The title of Epic45’s latest is more than just a little apt. The duo of Ben Holton and Rob Glover (with help from Matt Kelly and July Skies’ Antony Harding) may be inspired by long, meandering traipses through the rural English countryside, especially when it is transfixed in the glint of summer twilight or caught up in the thrall of a winter chill. And they may fill their album artwork with photos of such landscapes.
But the twelve songs that make up May Your Heart Be the Map aren’t at all concerned with geographical accuracy. Rather, as the album’s title implies, they are much more concerned with charting the way these countrysides imprint themselves on the heart and the memory — when they are seen, not through cameras and binoculars, but through nostalgia, melancholy, and homesickness, or what C.S. Lewis might have described as sehnsucht.
This sentiment is best expressed in “Summers First Breath”: amidst shuffling, glitchy electronic rhythms and delicately picked guitars — which are May Your Heart Be the Map’s primary building blocks — Harding’s sad, fey vocals wistfully sigh “Church bells over fields/And hope in our heavy hearts/Don’t just sit there, look outside/Leave the house far behind/This world’s a mess/We’ll stumble through/Windswept and weatherworn/So much to do.”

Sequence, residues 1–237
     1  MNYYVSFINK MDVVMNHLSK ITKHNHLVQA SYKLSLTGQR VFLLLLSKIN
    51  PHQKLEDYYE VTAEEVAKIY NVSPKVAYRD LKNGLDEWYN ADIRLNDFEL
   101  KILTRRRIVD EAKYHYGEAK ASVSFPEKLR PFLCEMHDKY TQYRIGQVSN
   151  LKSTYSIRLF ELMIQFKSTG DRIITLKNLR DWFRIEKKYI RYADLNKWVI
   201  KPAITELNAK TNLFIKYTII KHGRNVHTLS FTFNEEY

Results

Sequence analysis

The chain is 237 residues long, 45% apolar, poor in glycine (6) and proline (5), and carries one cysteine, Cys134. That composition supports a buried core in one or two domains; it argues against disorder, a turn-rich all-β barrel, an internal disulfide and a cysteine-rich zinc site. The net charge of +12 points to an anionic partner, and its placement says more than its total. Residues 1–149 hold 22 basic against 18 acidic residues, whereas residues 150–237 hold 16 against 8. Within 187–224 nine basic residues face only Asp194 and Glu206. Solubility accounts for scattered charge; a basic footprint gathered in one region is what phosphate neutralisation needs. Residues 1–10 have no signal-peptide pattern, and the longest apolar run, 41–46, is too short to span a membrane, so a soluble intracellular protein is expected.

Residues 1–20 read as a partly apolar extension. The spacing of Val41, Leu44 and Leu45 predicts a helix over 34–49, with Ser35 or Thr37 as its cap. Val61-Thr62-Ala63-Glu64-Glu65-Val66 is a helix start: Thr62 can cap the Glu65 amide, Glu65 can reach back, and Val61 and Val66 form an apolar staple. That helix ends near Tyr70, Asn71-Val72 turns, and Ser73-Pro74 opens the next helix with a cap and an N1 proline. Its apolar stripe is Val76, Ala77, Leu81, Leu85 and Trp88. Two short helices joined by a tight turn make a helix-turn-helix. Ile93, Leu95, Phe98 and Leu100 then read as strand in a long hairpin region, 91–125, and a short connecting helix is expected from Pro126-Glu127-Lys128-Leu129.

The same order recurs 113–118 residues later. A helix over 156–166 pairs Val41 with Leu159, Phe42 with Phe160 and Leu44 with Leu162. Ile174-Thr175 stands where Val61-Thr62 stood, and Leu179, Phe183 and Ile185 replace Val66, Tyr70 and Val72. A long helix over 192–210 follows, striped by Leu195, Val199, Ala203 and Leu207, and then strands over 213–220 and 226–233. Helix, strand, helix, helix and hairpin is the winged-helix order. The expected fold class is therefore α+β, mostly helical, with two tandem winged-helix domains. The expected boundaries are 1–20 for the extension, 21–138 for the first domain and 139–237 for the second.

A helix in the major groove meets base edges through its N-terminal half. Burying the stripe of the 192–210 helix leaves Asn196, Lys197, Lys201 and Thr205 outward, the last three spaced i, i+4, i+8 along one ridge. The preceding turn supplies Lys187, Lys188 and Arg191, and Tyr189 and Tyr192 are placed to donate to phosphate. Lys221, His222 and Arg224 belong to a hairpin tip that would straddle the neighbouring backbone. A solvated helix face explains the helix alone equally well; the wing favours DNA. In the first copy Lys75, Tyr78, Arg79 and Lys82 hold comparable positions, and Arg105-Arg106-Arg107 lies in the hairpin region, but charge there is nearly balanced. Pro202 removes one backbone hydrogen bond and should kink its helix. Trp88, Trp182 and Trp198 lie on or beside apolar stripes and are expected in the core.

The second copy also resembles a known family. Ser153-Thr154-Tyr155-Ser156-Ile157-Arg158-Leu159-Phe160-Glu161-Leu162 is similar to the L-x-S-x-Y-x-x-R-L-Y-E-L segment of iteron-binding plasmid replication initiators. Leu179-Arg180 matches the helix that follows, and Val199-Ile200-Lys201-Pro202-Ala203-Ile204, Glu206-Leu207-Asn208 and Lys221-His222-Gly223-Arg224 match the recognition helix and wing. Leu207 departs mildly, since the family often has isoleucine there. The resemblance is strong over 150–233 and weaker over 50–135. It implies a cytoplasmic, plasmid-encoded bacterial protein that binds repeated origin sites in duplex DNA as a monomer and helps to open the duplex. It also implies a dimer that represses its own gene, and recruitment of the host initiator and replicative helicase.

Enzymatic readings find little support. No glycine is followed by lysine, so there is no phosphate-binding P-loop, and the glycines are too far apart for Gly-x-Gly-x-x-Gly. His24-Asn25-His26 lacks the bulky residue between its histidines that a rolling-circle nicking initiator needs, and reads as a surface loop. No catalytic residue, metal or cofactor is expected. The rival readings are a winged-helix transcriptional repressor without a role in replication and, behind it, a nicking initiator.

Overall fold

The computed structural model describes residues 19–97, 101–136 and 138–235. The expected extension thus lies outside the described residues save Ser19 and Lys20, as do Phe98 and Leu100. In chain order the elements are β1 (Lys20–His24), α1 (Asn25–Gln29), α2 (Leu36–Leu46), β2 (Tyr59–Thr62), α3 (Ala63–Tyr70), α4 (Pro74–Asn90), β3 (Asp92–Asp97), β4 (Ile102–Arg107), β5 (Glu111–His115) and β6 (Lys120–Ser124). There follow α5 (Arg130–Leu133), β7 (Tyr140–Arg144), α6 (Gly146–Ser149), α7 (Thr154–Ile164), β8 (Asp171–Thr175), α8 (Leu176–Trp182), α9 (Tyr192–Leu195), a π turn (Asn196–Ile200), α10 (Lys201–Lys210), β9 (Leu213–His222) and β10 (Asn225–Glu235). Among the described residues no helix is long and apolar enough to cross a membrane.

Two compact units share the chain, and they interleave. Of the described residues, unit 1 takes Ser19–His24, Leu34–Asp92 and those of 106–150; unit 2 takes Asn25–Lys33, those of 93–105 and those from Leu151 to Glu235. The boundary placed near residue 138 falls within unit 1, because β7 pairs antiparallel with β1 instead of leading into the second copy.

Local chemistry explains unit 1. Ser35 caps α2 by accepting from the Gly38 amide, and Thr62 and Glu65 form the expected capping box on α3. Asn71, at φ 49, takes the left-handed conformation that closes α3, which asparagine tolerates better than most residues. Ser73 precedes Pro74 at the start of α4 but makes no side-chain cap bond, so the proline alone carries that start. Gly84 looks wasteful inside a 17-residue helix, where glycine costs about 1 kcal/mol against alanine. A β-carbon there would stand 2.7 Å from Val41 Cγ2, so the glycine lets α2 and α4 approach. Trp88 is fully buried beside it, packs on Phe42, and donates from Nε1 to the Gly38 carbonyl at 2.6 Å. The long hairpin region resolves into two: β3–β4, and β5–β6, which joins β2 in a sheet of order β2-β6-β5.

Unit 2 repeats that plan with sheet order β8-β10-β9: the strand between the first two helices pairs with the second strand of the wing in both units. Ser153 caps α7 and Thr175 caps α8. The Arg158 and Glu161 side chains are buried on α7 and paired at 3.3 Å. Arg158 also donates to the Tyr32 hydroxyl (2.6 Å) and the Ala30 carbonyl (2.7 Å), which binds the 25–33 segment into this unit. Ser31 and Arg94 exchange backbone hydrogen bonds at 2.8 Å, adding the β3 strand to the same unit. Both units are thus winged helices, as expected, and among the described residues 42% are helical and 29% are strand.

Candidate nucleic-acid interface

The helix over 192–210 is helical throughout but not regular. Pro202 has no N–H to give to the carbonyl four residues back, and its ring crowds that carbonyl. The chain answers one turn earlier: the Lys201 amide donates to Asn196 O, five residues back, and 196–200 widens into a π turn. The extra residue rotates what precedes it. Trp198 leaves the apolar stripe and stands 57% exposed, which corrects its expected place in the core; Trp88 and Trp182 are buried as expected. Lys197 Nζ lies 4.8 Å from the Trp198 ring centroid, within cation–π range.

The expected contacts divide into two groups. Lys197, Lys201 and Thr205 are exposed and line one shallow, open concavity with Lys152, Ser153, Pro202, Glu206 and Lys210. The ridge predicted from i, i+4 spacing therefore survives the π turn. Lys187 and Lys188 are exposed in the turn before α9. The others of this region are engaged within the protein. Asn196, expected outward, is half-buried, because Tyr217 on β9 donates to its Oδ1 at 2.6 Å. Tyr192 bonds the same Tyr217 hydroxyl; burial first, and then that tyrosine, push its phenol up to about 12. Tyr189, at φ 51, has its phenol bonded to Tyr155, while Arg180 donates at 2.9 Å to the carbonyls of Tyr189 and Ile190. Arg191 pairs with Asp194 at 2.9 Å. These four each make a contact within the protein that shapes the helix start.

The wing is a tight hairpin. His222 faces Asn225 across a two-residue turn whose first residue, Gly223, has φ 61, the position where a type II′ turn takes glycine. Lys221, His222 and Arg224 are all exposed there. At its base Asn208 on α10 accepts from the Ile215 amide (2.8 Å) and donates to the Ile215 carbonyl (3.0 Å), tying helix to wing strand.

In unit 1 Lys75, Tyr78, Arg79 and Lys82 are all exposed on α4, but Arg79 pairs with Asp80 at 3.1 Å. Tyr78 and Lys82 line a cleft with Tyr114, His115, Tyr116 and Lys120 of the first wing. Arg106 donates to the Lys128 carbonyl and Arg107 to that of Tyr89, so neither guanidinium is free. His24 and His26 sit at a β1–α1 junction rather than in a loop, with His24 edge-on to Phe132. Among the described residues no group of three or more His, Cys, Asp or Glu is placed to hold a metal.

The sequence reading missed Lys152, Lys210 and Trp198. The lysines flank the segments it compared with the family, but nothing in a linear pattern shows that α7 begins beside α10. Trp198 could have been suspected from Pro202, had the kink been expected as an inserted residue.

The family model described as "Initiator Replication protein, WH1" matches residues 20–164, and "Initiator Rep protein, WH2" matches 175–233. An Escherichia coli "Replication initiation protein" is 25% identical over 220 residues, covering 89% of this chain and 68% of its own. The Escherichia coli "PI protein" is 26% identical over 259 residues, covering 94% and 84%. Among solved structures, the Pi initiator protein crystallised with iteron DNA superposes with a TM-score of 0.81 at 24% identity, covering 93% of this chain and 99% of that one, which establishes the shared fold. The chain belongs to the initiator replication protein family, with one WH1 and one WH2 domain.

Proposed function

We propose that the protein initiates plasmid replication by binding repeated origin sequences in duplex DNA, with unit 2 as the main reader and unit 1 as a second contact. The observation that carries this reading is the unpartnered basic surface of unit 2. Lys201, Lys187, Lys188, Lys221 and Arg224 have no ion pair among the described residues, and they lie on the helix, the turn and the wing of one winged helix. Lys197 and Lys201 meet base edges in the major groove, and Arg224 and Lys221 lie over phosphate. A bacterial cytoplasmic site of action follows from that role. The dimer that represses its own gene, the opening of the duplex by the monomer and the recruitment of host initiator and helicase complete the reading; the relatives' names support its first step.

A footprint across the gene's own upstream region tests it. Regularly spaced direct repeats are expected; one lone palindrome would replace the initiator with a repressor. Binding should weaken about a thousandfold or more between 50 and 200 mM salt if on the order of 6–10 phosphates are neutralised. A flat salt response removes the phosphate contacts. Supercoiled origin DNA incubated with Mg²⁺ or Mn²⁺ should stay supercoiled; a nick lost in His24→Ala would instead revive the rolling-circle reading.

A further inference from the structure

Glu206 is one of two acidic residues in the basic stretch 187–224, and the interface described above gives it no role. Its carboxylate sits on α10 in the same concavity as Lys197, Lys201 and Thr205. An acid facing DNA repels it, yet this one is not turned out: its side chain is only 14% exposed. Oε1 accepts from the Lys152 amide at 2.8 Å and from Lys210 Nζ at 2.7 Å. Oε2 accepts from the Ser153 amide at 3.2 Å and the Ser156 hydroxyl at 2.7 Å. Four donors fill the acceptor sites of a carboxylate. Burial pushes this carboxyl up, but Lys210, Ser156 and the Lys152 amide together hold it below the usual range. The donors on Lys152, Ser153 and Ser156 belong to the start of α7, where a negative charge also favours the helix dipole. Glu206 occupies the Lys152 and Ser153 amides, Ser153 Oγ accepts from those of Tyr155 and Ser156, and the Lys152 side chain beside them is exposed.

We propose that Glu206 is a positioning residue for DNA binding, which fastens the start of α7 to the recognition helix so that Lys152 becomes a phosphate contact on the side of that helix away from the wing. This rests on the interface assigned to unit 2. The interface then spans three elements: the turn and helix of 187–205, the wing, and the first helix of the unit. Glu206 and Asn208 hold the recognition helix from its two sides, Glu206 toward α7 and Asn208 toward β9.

Again, it isn’t so much a desire to explore the geography of the band’s home in the English Midlands that we’re hearing here, as it is a desire to, as Holton puts it, turn memories into sounds. To recreate, within the context of electronica-tinged post-rock, the way life felt back in some half-remembered/half-imagined summer evening from some childhood that might actually exist in one’s bucolic vision of such.
At times, this means the music does become a little trite, a little too ethereal and pretty and light for its own good. The inclusion of samples of children talking and whatnot seems a little too obvious for a band that’s trying to be as soft and plaintive as Epic45 is here.
But when the elements converge, when the group truly lets the mood take them over rather than try to shape it, the results are nothing less than transporting, perhaps even transcendental. So what if Epic45 is attempting, with their delicate samplers and shimmery guitar effects, to conjure up too-idyllic memories of summers and autumns that didn’t really exist anywhere in time? That doesn’t mean there’s not Truth somewhere in their music.
When I hear Harding’s gentle voice on “Summers First Breath,” as it slowly gives way to gossamery guitars and windchimes, or when silvery guitar chords shine forth and out from the heart of “The Stars In Spring“ ‘s delicate melodies like so many stars’ light piercing some dense fog, or the barely tangible electronic tones on “The Stars In Autumn” and “The Balloonist,” I’m all too often reminded of “that unnameable something” Lewis mentions when attempting to describe his peculiar feeling of sehnsucht.
And even moreso, I feel it, somewhere deep inside, and in a manner that only music is capable of creating. And for that, I’m thankful for artists like Epic45 and their fellow nostalgists (July Skies, Hood, Piano Magic, Library Tapes, et al). This is music that, despite its sometimes painful awkwardness and delicacy, is capable of reminding us of something we’ve long forgotten. That enables us, like Chesterton’s castaway wandering along the shore, to discover fragments and elements and mementoes of somewhere we’ve never been, but somewhere that is still more familiar than anywhere else.